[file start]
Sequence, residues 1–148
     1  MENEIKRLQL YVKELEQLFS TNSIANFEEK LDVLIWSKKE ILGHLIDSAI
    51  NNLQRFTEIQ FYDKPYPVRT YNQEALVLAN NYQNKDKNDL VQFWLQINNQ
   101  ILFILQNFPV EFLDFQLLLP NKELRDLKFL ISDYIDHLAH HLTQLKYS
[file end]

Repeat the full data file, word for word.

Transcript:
Sequence, residues 1–148
     1  MENEIKRLQL YVKELEQLFS TNSIANFEEK LDVLIWSKKE ILGHLIDSAI
    51  NNLQRFTEIQ FYDKPYPVRT YNQEALVLAN NYQNKDKNDL VQFWLQINNQ
   101  ILFILQNFPV EFLDFQLLLP NKELRDLKFL ISDYIDHLAH HLTQLKYS